The 2017 campaign wasn’t supposed to be a great one for North Carolina, which entered the year picked to finish fifth in the ACC’s Coastal Division by both Lindy’s and Athlon in their preseason publications.
The Tar Heels lost their starting quarterback Mitchell Trubisky — the No. 2 overall pick by the Chicago Bears — a year early to the NFL Draft, and more than 90 percent of its rushing yards and more than 70 percent of its production at wide receiver from last season.
Overcoming those losses was going to be difficult, but things have gone even worse for the Tar Heels than expected. On top of those departures, North Carolina is down an astounding 13 players to season-ending injuries, draining the Tar Heels of any chance it had to be a surprise team in the Coastal.
UNC has been close, taking leads into the fourth quarter against California, Louisville and Duke, but in the end it lacked the ability to finish games. However, the Tar Heels most recent loss, a 33-7 defeat at Georgia Tech, wasn’t nearly as competitive.
Under head coach Larry Fedora, the Tar Heels have succeeded when their offense has been a dynamic unit. North Carolina averaged 40.7 points and 486.9 yards per game during its ACC Coastal Division championship run in 2015.
This season, the lack of experience and injuries has sapped the Tar Heels of their explosiveness on offense. North Carolina enters its matchup against Notre Dame averaging 28.4 points and 395.2 yards per game, numbers that are inflated by a 53-point, 511-yard performance against Old Dominion.
Fedora believes his team has the ability to be better on offense, but it won’t get to that point until it starts to do its job at a higher level.
“Offensively, just a lack of execution,” Fedora said of the woes this season on that side of the ball. “Like I’ve said before, it’s not one guy here, it’s one guy here and on the next play it’s somebody else. What I mean by lack of execution … it would be different if on each of those plays we were out-numbered and can’t block the people that are there.
“It’s more about not being out-numbered, but doing your job and executing your job. Somebody’s breaking down on most of these plays. We’ve got to get where we are executing better on offense.”
Fedora refuses to use the lack of experience or injuries as an excuse for his team’s struggles on offense.
“Any time you’re putting together a game plan, it doesn’t matter whether you’ve got all 11 starters and they’re all seniors,” he said. “You’re always trying to decide how much to do and you’re always trying to figure out what is the lowest common denominator and let’s don’t do more than that.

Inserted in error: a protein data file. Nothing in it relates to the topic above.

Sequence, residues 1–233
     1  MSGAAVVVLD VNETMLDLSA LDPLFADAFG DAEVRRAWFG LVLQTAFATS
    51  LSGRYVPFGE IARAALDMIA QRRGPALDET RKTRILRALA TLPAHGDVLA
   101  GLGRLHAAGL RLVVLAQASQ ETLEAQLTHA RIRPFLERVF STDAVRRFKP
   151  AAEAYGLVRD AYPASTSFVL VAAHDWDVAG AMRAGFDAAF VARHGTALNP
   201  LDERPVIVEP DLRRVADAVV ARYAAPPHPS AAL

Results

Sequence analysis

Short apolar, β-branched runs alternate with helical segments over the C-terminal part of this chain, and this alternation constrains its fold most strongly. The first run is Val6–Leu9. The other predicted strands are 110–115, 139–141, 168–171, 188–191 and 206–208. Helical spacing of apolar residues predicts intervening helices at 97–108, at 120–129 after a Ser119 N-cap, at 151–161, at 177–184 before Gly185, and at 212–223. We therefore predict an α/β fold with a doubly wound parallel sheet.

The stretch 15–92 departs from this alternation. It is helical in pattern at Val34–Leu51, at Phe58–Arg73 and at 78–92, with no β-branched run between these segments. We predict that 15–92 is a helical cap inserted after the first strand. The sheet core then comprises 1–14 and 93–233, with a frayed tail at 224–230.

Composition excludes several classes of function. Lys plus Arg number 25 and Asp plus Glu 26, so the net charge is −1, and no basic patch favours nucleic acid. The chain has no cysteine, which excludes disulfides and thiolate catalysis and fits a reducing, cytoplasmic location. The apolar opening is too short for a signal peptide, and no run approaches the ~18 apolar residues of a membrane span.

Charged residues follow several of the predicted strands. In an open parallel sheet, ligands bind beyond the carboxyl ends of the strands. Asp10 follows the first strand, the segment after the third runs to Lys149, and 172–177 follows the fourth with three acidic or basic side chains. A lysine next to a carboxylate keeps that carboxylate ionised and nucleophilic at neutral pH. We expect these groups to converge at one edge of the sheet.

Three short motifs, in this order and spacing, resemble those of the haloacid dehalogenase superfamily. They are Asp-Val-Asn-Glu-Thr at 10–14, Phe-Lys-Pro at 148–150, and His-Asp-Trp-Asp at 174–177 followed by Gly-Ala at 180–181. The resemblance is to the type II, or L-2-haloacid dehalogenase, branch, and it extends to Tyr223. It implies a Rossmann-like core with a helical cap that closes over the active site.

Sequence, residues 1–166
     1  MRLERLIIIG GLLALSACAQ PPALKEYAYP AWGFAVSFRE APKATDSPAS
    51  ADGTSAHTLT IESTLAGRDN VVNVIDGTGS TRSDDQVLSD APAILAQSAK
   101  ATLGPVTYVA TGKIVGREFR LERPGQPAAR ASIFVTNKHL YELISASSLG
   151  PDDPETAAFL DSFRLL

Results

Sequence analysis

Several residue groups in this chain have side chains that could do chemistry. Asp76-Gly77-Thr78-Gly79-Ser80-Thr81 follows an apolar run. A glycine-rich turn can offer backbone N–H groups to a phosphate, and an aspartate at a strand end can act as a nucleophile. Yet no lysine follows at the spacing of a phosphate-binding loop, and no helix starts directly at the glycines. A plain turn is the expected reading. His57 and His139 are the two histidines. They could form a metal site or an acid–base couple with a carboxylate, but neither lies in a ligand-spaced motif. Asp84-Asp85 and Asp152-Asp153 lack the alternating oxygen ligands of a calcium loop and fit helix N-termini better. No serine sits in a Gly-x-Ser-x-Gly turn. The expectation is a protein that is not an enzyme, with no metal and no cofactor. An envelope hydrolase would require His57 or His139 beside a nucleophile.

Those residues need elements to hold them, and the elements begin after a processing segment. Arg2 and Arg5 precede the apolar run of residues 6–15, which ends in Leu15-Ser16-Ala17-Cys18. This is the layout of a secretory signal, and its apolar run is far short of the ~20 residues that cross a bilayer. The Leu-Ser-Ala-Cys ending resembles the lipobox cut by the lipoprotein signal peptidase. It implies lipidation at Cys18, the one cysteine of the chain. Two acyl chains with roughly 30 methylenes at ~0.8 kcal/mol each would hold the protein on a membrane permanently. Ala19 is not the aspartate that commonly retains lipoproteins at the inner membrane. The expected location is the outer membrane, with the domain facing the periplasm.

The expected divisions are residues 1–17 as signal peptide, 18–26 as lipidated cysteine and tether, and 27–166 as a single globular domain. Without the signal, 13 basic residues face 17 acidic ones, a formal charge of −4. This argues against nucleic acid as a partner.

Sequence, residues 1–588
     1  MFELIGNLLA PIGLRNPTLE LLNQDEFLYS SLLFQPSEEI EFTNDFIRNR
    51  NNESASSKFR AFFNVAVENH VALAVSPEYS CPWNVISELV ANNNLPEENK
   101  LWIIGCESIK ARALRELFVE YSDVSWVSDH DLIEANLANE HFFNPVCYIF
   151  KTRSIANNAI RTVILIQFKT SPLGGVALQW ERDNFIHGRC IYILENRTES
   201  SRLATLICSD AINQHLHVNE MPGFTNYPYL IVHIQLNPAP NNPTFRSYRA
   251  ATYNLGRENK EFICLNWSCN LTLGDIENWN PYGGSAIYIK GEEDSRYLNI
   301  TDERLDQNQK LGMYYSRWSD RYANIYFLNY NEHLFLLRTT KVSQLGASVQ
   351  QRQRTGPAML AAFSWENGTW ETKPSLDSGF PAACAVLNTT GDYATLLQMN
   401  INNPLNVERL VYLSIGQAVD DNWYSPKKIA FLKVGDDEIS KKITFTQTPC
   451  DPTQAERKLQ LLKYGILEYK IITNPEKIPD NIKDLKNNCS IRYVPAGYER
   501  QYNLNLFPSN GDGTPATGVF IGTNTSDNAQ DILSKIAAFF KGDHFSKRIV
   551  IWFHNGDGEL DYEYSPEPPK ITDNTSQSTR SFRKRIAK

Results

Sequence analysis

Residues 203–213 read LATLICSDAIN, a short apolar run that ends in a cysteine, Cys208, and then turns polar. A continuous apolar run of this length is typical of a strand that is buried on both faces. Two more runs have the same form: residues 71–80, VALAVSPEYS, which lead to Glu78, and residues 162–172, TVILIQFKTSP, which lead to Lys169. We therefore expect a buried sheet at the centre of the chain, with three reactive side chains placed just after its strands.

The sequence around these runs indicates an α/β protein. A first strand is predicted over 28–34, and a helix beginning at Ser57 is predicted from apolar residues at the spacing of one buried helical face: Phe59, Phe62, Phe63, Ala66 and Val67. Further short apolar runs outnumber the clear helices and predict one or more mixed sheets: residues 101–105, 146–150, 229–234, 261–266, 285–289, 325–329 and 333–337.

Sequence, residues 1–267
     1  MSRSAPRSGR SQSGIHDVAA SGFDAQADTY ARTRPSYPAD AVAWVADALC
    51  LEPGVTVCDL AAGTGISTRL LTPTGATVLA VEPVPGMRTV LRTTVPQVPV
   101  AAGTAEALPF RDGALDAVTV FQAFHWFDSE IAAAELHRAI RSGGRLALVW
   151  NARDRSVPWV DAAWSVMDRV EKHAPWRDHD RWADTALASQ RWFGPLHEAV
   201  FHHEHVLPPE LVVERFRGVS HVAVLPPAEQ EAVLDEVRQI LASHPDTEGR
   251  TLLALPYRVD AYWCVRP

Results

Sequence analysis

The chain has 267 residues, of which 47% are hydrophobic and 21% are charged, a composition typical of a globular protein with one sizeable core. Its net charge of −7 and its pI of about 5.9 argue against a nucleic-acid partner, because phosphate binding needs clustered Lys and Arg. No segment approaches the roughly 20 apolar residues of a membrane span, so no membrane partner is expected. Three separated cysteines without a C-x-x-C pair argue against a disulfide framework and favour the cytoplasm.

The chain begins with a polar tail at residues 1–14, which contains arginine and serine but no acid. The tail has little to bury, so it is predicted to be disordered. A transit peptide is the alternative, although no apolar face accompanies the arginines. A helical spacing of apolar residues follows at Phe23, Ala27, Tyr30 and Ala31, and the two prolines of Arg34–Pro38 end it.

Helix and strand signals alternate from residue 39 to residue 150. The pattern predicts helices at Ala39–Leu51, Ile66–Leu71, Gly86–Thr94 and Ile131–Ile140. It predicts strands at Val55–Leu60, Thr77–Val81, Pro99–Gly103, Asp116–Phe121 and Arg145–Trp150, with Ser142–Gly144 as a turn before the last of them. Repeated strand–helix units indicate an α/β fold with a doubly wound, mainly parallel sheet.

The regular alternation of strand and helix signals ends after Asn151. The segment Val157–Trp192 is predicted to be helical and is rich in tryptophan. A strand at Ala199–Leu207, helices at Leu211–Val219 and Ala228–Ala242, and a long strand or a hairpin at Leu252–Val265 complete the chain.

“When you start changing out a lot of personnel and you’ve got multiple issues that you have to deal with, you start paring it down. And then you start thinking we don’t have enough. But it doesn’t matter. If you don’t execute what you have, you’re not going to have success anyway.”
Fedora doesn’t dispute that his offense is carrying less into each game from a schematic standpoint, but he believes the game plans have been good enough to win.
“It’s limited,” he acknowledged. “There’s enough in the game plan to be successful. It’s not that we’re so limited that there’s no way we can be successful. It’s just execute the plays that are called against the defense that you see.”
A key to North Carolina getting back on track is better play from redshirt freshman quarterback Chazz Surratt, who took over for LSU transfer Brandon Harris early in the season.
Surratt is an athletic left-handed quarterback, and there are moments when he has really impressed with his throwing skills and ability to make plays with his leg.
The issue is Surratt — like Notre Dame starting quarterback Brandon Wimbush — is far too erratic as a passer. Unlike Wimbush, Surratt doesn’t have the supporting cast around him to overcome his lack of experience.
Fedora knows getting Surratt on track is the primary key to an offensive resurgence in Chapel Hill. He’s not thinking about the future when it comes to developing Surratt; Fedora knows he and the offensive coaches need to get him going right now.
“I’m not thinking about down the road with him,” Fedora said of Surratt. “All I’m doing is trying to make sure we have a plan in place that he can execute for this week; that’s it. I’m not looking at long-term development. Long-term development will come over the long haul, over all the banked reps and the things that happen in a game.
“We’ve gotta make sure we’re putting him in position to make good decisions — he’s still growing.”
Fedora is well aware of the tradition that Notre Dame will bring into the matchup, but according to his comments this week it is not something he cares much about at this point.
“I’m sure our fans love it and it will be great for Chapel Hill, it’s good for everybody,” Fedora said of Notre Dame and its fans coming to town. “For us, it’s the next game, and we’ve got so much to worry about within ourselves to make sure we’re right.
“We don’t have a lot of time to spend thinking about who our opponent is or what our opponent is. They’re traditionally a great program. It’s a great opportunity for our team, to have them coming here.”
Fedora wants to focus on what Notre Dame is this season, and he’s well aware of the success the Irish offense is having with its run game.
“Very well coached and playing really well,” Fedora said of Notre Dame. “Running the ball really, really good. Play-action pass and throwing the ball when they need to. Their defensive front is as good as anybody we’ve played.”
Notre Dame enters the matchup averaging 301.4 yards per game on the ground, while the Tar Heel defense is giving up 221.8 yards on the ground.
Stopping the Irish ground game will be difficult, but it’s something North Carolina must do if it wants to compete with Notre Dame.